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Table of Contents

Lead Story

Simple ways to better your business

News

Industry Update

Feds place chokehold on banks, processors

Apple changes app rules to include virtual currencies

Square ditches mobile wallet, offers cash advances

Features

Your next third-party partner: Friend or foe?

mPOS shaking things up

ISOMetrics:
Alternative payments gaining momentum

Views

A fresh look at chargeback insurance

Gene Lieb and Laura Kaiser
Business Financial Resources

Education

Street SmartsSM:
Auto-pilot and self reflection

Tom Waters and Ben Abel
Bank Associates Merchant Services

TRO/asset freeze: The FTC's nuclear option

Michael Thurman
Thurman Legal

Is that a terminal or a PIN pad?

Dale S. Laszig
DSL Direct LLC

Top five legal issues in the MCA industry

Andrew T. Hayner
Jaffe, Raitt, Heuer & Weiss P.C

Company Profile

Chargebacks911

New Products

Dynamic POS suite

DynaPro, DynaPro Mini
MagTek Inc.

FI-proven platform for merchants

SmartVista for Retailers
BPC Banking Technologies

Inspiration

Discovery leads to delight

Departments

Readers Speak

Resource Guide

Datebook

A Bigger Thing

The Green Sheet Online Edition

June 23, 2014  •  Issue 14:06:02

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Feds place chokehold on banks, processors

Members of the U.S. Congress and the business community are livid over a controversial federal program that aims to "choke out" access to the banking system by businesses deemed high risk or otherwise objectionable, albeit legal. The hit list includes gun shops, coin dealers, check cashing establishments and payday lenders. Despite the uproar, the U.S. Department of Justice doesn't seem inclined to back down.

The program, launched in April 2013 and known as Operation Choke Point, resulted in over 50 subpoenas being issued to banks and payment processors in just nine months, according to a report released on May 29, 2014, by the House Committee on Oversight and Government Reform. The DOJ program has also prompted related crackdowns by state and federal financial services regulators, and in turn resulted in several banks and acquirers terminating relationships with businesses that regulators consider objectionable.

Bad for business

In an April 2014 letter to the DOJ and members of Congress, the Independent Community Bankers of America said Operation Choke Point is bad for business. "While preventing fraud is a top concern for community banks, it needs to be balanced with ensuring that businesses and consumers that operate in accordance with applicable laws can still access payment systems," wrote ICBA President and Chief Executive Officer Camden R. Fine.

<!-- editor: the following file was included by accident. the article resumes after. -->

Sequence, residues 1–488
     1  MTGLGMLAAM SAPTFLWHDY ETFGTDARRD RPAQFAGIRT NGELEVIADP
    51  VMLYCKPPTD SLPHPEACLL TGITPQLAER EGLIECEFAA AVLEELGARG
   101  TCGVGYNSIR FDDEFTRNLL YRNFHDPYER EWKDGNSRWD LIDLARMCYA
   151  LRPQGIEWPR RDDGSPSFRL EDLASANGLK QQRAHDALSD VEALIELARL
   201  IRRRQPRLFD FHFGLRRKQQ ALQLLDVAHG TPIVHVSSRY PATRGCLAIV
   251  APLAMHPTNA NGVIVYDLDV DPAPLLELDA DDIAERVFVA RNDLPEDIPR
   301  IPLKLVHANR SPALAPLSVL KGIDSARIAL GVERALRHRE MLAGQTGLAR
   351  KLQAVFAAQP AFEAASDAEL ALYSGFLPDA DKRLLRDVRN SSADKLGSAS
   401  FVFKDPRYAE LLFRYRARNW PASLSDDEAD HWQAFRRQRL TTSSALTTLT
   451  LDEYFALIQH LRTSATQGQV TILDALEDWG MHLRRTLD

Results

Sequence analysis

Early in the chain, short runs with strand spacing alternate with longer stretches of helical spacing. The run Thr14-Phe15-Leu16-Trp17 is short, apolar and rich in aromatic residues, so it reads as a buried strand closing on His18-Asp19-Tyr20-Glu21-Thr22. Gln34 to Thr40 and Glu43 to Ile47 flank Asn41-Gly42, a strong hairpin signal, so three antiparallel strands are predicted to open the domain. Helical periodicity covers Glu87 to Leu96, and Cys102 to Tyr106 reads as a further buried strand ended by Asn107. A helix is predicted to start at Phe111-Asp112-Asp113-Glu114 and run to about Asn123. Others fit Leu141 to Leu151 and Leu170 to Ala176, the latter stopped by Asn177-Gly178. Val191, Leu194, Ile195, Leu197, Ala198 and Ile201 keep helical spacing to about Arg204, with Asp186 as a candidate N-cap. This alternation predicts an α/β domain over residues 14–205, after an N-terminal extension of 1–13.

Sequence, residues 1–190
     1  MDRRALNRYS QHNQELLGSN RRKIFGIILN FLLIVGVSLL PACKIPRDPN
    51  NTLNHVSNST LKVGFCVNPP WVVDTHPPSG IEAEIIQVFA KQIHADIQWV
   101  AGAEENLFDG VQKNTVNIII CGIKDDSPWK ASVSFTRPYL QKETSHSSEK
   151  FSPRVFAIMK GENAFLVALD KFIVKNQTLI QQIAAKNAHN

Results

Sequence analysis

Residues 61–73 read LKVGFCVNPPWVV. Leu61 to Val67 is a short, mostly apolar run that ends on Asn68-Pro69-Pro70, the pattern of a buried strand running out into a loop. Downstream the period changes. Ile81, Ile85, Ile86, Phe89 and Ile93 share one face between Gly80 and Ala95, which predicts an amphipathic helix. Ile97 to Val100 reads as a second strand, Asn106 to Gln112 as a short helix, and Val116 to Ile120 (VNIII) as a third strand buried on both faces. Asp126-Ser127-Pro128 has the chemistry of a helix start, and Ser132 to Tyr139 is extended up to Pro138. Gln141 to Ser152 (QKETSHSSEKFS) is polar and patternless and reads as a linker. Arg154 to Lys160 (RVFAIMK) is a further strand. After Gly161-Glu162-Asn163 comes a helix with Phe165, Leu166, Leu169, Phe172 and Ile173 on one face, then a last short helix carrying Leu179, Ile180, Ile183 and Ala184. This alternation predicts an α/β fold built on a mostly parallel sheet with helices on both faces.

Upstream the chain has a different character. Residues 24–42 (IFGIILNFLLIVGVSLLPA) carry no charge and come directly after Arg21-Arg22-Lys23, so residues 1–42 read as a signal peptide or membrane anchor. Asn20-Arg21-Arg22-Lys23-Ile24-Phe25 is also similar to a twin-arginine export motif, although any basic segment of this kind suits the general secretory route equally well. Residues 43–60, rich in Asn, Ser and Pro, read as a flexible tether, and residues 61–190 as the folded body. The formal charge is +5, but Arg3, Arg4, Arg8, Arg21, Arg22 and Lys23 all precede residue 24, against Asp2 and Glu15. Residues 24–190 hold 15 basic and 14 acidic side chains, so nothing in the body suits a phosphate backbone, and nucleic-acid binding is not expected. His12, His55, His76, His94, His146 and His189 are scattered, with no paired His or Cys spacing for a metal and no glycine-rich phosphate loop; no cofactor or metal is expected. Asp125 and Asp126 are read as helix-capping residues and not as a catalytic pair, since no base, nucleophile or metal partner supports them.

Rep. Darrell Issa, R-Calif., Chairman of the House Committee on Oversight and Government Reform, called the program an "abuse of power" by the DOJ. "If the administration believes some businesses should be out of business, they should prosecute them before a judge and jury," he said. "By forcibly conscripting banks to do their bidding, the Justice Department has avoided any review and any check on their power."

According to the house committee's report, "Operation Choke Point has forced banks to terminate relationships with a wide variety of entirely lawful and legitimate businesses." And the report offers evidence (in the form of internal memoranda) that the DOJ isn't concerned about the program's impact on what it terms legitimate merchants.

The committee's report did not name the affected banks and processors, but Dow Jones Business News reported that several banks have disclosed investigations related to Operation Choke Point, including PNC Financial Services Group, Salt Lake City-based Zions Bancorp. and Four Oaks Fincorp Inc.

The case against Four Oaks

Four Oaks reached a $1.2 million settlement with the DOJ in January 2014 over allegations that it processed in excess of $2 billion in payments for allegedly fraudulent merchants.

The DOJ offered details of the Four Oaks case in a May 7, 2014, departmental blog post. The post said a Texas-based processor that processed payments for Four Oaks was initiating unauthorized debits to consumer accounts, but that the bank ignored those warnings in exchange for more than $850,000 in transaction fees.

"The Justice Department has made it a priority to hold the perpetrators of consumer fraud accountable," DOJ attorneys wrote in the blog post. "And when financial institutions choose to process transactions even though they know the transactions are fraudulent, or willfully ignore clear evidence of fraud, they are profiting from illegal activities as well as breaking federal law."

Private sector response

The DOJ program has prompted several initiatives in response. The Electronic Transactions Association released a comprehensive set of guidelines for ISOs and processors on how to underwrite, monitor and manage risks associated with customer relationships. And at least one vendor has introduced a merchant investigation and monitoring solution for high-risk merchants.

The product, which goes by the name KYC Governor, was developed by Bellevue, Wash.-based G2 Web Services to help banks and their acquiring partners prevent the boarding of merchants outside their risk parameters, which might trigger Operation Choke Point subpoenas.

"The goal of KYC Governor is to reduce the fear and uncertainty banks are feeling from Operation Choke Point, and the fines and subpoenas that have come along with it," said Ed Barton, President of G2 Web Services.

Notice to readers: These are archived articles. Contact names or information may be out of date. We regret any inconvenience.

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